There’s been a lot of buzz about institutional investors in the industry lately. They’ve returned to the market in full force, it seems, spurring a record high of institutional purchases in the market during the second quarter of 2021.
Many agents have lamented their comeback, arguing that institutions impede first-time homebuyers’ chances at entering the market. With competition remaining fierce, agents certainly need to have all their tools available to them in order to have a chance at beating them in a bidding war. But that doesn’t mean agents and their clients are fighting a hopeless battle against institutions either — and perhaps the best way of thinking about them is as just another prototypical frenzied buyer of 2021, with a twist.
“I think a lot of it is just the typical relationship-driven business,” Kenny Klaus, team leader of the Klaus Team at Keller Williams Integrity First Realty, told Inman. “Trying to do the little things to get your clients ahead of somebody who’s looking to buy to hold [a property] for rent.”
“Believe it or not, there’s a lot of sellers out there who, they’re driven by the bottom line, but it’s not always the deciding factor,” he added.
Become fluent in all the relevant tools
Granted, institutional investors do have a lot of advantages when it comes to bringing a competitive offer to the table. They typically present cash offers, and usually have the flexibility to close on the seller’s timeline, whatever that may be.
But even buyers who think they’re cash-poor now have the opportunity — by using the most recent tools created for the marketplace — to present cash offers with companies like Orchard, Homeward and more.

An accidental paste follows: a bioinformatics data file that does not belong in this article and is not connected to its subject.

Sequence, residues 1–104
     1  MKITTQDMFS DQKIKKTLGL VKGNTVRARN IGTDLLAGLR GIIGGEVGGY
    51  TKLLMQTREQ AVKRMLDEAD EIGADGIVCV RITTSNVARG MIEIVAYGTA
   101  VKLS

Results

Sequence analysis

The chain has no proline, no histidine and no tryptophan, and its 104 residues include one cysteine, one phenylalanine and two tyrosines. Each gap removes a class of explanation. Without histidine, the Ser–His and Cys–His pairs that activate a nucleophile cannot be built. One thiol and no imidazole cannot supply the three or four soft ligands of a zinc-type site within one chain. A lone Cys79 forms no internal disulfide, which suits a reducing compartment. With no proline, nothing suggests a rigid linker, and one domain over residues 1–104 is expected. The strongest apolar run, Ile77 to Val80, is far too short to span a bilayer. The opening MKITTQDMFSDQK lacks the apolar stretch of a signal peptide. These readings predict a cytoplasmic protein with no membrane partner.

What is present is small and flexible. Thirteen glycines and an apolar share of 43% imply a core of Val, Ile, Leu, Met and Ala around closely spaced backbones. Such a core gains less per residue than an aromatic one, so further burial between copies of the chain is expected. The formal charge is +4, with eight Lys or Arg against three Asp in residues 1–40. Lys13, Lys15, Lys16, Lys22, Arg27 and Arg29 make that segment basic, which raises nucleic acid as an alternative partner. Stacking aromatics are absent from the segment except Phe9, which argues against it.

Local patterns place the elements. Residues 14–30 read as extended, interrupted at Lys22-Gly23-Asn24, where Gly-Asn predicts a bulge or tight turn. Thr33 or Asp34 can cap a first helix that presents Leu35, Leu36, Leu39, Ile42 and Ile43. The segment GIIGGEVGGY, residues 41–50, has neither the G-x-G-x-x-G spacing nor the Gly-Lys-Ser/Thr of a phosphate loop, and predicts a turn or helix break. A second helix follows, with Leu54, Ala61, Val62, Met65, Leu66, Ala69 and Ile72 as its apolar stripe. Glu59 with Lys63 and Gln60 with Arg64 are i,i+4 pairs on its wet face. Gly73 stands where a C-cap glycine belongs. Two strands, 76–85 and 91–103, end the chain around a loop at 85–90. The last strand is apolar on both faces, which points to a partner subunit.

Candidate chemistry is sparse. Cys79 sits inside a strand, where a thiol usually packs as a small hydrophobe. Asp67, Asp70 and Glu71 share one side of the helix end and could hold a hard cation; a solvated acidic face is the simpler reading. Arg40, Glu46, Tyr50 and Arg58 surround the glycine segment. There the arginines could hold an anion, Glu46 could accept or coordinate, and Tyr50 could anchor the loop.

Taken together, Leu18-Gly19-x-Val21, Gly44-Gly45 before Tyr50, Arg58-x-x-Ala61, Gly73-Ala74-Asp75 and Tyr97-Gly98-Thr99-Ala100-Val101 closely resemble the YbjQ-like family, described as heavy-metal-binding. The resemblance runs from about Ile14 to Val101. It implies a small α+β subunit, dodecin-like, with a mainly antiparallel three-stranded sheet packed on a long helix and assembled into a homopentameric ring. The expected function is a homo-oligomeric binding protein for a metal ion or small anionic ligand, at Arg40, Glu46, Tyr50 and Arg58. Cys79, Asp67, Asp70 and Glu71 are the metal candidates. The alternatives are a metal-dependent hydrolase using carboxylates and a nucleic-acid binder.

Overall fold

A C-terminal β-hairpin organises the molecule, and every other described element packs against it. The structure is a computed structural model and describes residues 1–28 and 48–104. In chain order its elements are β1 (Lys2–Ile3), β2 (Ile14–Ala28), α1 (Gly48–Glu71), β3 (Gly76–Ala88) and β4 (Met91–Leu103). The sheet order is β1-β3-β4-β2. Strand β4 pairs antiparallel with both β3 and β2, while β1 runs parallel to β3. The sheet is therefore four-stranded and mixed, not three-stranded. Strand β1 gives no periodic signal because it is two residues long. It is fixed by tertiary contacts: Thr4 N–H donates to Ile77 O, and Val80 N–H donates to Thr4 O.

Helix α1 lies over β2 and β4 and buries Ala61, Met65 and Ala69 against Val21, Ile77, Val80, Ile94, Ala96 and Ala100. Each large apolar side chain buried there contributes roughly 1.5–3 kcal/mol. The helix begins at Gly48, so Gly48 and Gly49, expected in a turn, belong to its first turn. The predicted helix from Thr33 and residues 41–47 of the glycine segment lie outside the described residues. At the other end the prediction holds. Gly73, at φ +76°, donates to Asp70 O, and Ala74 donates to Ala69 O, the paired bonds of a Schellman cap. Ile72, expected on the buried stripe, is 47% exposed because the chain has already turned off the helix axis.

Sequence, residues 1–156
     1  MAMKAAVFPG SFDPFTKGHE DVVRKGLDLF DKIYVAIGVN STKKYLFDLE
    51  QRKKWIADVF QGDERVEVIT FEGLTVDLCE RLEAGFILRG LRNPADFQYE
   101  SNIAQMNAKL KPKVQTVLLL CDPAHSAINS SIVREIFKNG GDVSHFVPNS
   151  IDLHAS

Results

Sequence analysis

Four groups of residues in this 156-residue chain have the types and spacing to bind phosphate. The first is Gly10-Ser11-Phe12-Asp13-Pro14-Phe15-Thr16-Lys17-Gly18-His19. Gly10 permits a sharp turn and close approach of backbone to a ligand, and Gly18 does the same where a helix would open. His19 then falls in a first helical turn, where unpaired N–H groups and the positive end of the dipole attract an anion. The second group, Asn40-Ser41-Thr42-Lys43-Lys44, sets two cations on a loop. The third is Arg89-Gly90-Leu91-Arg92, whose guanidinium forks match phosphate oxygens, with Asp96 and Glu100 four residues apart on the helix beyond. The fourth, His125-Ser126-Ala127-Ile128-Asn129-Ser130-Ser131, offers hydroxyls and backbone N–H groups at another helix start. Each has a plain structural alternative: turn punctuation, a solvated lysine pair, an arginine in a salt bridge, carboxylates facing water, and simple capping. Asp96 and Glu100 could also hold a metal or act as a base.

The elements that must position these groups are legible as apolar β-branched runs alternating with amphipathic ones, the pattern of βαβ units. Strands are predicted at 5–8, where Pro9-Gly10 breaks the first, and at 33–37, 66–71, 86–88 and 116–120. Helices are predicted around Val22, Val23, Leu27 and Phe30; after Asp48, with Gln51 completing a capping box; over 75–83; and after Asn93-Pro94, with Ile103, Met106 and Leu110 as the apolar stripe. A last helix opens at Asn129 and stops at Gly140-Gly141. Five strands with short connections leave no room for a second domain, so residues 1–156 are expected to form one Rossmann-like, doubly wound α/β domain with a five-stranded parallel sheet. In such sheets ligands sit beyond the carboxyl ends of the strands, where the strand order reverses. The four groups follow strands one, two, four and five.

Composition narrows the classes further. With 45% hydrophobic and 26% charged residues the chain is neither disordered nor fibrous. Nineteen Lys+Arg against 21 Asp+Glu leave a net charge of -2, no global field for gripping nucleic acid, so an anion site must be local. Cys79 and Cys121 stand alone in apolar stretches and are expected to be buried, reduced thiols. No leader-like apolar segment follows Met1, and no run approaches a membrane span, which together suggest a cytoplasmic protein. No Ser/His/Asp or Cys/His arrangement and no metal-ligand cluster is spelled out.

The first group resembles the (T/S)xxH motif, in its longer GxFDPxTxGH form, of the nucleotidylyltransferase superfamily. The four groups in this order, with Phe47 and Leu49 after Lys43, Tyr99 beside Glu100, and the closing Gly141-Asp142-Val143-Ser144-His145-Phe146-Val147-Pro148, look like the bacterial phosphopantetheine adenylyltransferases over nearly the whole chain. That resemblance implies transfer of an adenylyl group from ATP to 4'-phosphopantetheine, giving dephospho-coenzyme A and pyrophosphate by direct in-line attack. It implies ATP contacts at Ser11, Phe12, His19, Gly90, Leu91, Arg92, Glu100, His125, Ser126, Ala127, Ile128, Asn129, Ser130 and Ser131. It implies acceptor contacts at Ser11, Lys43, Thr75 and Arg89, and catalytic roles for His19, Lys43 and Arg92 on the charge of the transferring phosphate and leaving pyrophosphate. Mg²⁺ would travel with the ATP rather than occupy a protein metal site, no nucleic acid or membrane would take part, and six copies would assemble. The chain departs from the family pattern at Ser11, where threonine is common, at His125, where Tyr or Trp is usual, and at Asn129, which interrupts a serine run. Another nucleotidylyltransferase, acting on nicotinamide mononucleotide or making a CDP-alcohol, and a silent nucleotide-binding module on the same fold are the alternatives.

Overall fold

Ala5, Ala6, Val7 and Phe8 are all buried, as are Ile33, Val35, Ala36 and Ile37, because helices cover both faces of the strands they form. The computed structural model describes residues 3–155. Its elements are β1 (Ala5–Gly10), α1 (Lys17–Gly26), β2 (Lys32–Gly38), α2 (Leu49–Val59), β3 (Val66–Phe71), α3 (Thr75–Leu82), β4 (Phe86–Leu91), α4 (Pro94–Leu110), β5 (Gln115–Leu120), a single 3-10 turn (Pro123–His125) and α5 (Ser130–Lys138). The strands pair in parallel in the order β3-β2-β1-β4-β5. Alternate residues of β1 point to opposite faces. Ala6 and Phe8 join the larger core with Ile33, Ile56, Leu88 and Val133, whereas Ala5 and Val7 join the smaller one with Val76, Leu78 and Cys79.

“Buyers need to understand that homeseller of 2021 is attracted to cash offers and values certainty more than ever before,” Dan Noma, Jr., a broker at Venture REI and co-founder of iReal Estate Pro, told Inman in an email. “To beat a cash offer you need to leverage cash options like Opendoor Cash Access, Easy Knock, Home Partners For America, and Get Your Nest. Use the cash and balance sheet of these options to remove the contingency of financing and work toward a long term goal which might take a few steps versus the days of sending an FHA offer to present to a seller.”
“Really understanding all the tools that are available in the marketplace, I think, is critical of the agents going forward,” Klaus said. “Because technology has come in and really created a bunch of new opportunities.”
Noma and Klaus both operate in Arizona, one of the first markets that iBuyers and institutions started investing heavily in, so they have a bit of an advantage when it comes to understanding how institutions operate in the market. But iBuyers and institutional investors continue to spread across the U.S., and have recently started expanding even into the previously untouched northeast, so the savvy agent would be wise to become educated on all the different tools available to them and their clients, rather than becoming intimidated by them.
“I think when we originally looked at those scenarios, those guys were, we thought they were trying to take the agent out of the equation,” Klaus said. “Now we’re seeing them actually partnering with agents to learn how to use their tools to help them acquire property.”
“Now it’s the agent’s job to really investigate all these programs, understand them, and then be able to help a client execute them,” he added. “If you know all the different tools and how to articulate that to a listing agent, you can get [offers] accepted.”